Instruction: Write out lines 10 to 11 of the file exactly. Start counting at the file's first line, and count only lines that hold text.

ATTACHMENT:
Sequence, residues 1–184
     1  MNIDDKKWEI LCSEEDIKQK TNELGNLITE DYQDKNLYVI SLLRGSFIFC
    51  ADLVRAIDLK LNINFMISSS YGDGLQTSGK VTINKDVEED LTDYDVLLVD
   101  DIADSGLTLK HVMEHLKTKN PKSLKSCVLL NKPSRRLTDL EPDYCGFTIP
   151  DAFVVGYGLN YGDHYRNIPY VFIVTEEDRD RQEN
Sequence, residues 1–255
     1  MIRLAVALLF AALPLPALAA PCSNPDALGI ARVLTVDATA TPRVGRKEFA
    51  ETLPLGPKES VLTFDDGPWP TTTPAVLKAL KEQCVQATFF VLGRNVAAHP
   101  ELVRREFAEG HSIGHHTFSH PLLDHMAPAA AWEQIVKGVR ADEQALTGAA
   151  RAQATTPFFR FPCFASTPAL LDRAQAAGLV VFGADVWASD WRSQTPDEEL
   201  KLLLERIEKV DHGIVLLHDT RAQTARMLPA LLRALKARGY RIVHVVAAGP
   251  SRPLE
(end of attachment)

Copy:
   151  RAQATTPFFR FPCFASTPAL LDRAQAAGLV VFGADVWASD WRSQTPDEEL
   201  KLLLERIEKV DHGIVLLHDT RAQTARMLPA LLRALKARGY RIVHVVAAGP